At our health centers, we have a very strong Members’ Health Assistance Program (MHAP) dedicated to the mental and emotional health of our patients. Our organization is dedicated to the physical and emotional wellbeing of all patients, from geriatric to pediatric. MHAP’s battery of psychologists, psychiatrists, social workers, and other mental health professionals and a tight alliance with New York City agencies ensure that our patients have the care that they need for ailments beyond the physical. MHAP is engaged by our eyecare practitioners for patients who are angry or depressed about their ocular disease or loss of vision, non-acceptance of their ocular disease state, or for other concerns that have been identified as part of their patient assessment.

A recent meta-analysis that included data from 22 studies including 2.9 million patients reported that anxiety and depression are more prevalent in patients who have dry eye disease (DED) than in controls (Weatherby et al, 2019). However, there is often a great discrepancy between signs and symptoms of DED; the symptoms are often associated more with nonocular disorders such as depression and post-traumatic stress disorder (PTSD) than with tear film issues.

Therefore, DED could be considered as more of a psychiatric than an ophthalmic complaint. In fact, DED and depression feed on one another in a synergistic manner, and the severity of DED is associated with symptoms of anxiety and depression. Treatment of DED could help reduce depression symptoms, and conversely, effective management of depression could help alleviate symptoms of DED.

Complicating this is evidence that selective serotonin reuptake inhibitors (SSRIs) can exacerbate DED; SSRI antidepressants are a type of antidepressant that work by increasing levels of serotonin within the brain. Their “negative” effect on DED makes the management of these comorbidities more difficult.

It is clear that DED and depression are closely linked and influence one another in ways that drastically affect patients’ lives. Collaboration between psychiatrists and eyecare providers could be beneficial in the management of patients who have DED.

Integrated Health Care

The World Health Organization (WHO) recommends the integration of mental health into general health care to close the gap between the number of patients who need mental health care and those who actually receive it. However, a recent study noted that addressing the burden of mental health problems in primary care settings has its limitations, particularly because of the time constraints in busy primary care clinics as well as the inadequate training of staff and physicians in mental health disorders (Lakkis and Mahmassani, 2015).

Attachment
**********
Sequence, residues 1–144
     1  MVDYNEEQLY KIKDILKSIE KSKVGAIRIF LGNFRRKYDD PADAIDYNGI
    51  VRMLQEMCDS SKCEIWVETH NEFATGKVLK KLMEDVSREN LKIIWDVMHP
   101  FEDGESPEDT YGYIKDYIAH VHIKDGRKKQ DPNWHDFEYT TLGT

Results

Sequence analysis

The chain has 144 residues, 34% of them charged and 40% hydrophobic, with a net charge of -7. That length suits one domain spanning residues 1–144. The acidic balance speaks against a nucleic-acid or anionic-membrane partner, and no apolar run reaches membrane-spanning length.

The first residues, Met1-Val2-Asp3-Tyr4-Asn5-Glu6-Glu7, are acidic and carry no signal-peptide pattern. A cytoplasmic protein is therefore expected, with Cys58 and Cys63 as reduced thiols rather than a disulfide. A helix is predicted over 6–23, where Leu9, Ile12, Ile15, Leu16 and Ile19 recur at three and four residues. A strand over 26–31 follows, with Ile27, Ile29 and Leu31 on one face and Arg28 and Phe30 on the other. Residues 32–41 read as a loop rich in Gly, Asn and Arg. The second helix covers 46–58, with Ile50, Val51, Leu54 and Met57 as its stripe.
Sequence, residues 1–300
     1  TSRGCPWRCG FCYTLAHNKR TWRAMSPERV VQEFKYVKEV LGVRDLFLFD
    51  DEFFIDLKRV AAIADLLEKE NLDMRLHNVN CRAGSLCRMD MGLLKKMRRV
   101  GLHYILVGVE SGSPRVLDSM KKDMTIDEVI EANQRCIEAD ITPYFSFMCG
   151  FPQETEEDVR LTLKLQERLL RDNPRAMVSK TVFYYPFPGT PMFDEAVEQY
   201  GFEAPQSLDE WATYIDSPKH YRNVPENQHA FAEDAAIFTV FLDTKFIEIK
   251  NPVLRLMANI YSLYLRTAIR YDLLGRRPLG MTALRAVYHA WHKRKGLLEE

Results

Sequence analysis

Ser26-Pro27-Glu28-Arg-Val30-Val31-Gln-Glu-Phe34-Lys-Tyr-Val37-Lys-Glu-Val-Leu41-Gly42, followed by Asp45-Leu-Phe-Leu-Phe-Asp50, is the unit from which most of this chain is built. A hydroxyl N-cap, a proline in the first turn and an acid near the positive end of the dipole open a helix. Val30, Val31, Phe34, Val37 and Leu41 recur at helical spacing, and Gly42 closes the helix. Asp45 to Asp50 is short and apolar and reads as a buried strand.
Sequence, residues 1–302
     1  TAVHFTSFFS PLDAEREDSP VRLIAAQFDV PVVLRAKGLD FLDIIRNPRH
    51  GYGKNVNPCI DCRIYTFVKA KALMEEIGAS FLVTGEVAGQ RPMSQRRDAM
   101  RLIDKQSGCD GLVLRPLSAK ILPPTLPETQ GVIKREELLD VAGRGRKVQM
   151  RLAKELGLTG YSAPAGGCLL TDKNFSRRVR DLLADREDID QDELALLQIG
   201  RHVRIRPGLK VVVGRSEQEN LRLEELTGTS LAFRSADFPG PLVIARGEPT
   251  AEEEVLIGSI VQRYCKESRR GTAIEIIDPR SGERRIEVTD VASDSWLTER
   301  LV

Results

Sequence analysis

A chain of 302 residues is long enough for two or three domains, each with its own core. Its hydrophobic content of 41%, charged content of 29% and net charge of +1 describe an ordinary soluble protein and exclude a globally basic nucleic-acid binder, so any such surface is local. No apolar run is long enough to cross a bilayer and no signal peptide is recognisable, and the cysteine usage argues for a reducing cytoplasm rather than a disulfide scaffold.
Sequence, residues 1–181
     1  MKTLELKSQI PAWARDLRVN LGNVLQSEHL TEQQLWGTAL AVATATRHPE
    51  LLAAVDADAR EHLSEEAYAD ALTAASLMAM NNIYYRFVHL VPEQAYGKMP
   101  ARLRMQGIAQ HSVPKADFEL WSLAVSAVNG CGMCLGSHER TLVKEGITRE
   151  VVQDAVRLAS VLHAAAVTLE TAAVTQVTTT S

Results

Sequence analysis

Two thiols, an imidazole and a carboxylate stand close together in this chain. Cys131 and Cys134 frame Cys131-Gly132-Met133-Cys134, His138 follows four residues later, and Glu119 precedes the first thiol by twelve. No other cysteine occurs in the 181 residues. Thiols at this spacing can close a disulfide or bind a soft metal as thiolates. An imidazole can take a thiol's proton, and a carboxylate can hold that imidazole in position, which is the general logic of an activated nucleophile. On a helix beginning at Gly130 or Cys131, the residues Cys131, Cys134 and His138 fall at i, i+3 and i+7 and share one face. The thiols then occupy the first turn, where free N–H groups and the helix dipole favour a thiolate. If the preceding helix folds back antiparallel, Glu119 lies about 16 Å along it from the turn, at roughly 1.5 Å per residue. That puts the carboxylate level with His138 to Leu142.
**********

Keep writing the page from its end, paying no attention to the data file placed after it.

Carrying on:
The WHO’s report went on to say that reliable, brief, and easy-to-administer depression screening instruments are important in helping physicians identify patients who are at risk (Lakkis and Mahmassani, 2015). One such tool is the Patient Health Questionnaire (PHQ-9), which was developed by researchers at Columbia University in the late 1990s. It is a brief, nine-item self-report screening tool that may help identify patient symptoms that could relate to depression. The PHQ-9 was developed for use in primary care settings.

It is important that practitioners have adequate management and follow up available for patients who may be suffering from depression (Weatherby et al, 2019). This will ensure that the ethical requirements for the utilization of a screening instrument for depression are met.

Should optometrists, as primary eyecare providers, incorporate depression screening into their clinical care workflows, especially for their ocular surface disease patients? Certainly, collaborative care with mental health professionals is indicated for our subset of patients who are at risk of or are suffering from depression (Weatherby et al, 2019). CLS

For references, please visit and click on document #289.